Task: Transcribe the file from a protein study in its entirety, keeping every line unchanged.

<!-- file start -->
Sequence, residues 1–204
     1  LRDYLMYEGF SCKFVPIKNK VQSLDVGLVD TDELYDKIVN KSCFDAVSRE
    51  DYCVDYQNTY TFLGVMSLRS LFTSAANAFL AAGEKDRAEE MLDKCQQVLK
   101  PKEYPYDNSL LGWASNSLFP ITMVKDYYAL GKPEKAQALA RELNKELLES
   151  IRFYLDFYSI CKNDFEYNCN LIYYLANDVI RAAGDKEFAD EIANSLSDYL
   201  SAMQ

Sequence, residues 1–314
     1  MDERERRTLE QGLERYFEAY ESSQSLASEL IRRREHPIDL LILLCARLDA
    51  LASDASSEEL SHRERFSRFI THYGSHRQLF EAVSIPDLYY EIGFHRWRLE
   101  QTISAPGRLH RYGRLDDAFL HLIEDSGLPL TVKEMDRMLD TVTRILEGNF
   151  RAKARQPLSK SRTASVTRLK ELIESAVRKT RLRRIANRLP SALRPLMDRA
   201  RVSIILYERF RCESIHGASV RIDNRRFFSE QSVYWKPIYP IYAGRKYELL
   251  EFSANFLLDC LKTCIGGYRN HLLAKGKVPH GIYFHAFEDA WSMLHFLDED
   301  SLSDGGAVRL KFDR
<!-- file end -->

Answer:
Sequence, residues 1–204
     1  LRDYLMYEGF SCKFVPIKNK VQSLDVGLVD TDELYDKIVN KSCFDAVSRE
    51  DYCVDYQNTY TFLGVMSLRS LFTSAANAFL AAGEKDRAEE MLDKCQQVLK
   101  PKEYPYDNSL LGWASNSLFP ITMVKDYYAL GKPEKAQALA RELNKELLES
   151  IRFYLDFYSI CKNDFEYNCN LIYYLANDVI RAAGDKEFAD EIANSLSDYL
   201  SAMQ

Sequence, residues 1–314
     1  MDERERRTLE QGLERYFEAY ESSQSLASEL IRRREHPIDL LILLCARLDA
    51  LASDASSEEL SHRERFSRFI THYGSHRQLF EAVSIPDLYY EIGFHRWRLE
   101  QTISAPGRLH RYGRLDDAFL HLIEDSGLPL TVKEMDRMLD TVTRILEGNF
   151  RAKARQPLSK SRTASVTRLK ELIESAVRKT RLRRIANRLP SALRPLMDRA
   201  RVSIILYERF RCESIHGASV RIDNRRFFSE QSVYWKPIYP IYAGRKYELL
   251  EFSANFLLDC LKTCIGGYRN HLLAKGKVPH GIYFHAFEDA WSMLHFLDED
   301  SLSDGGAVRL KFDR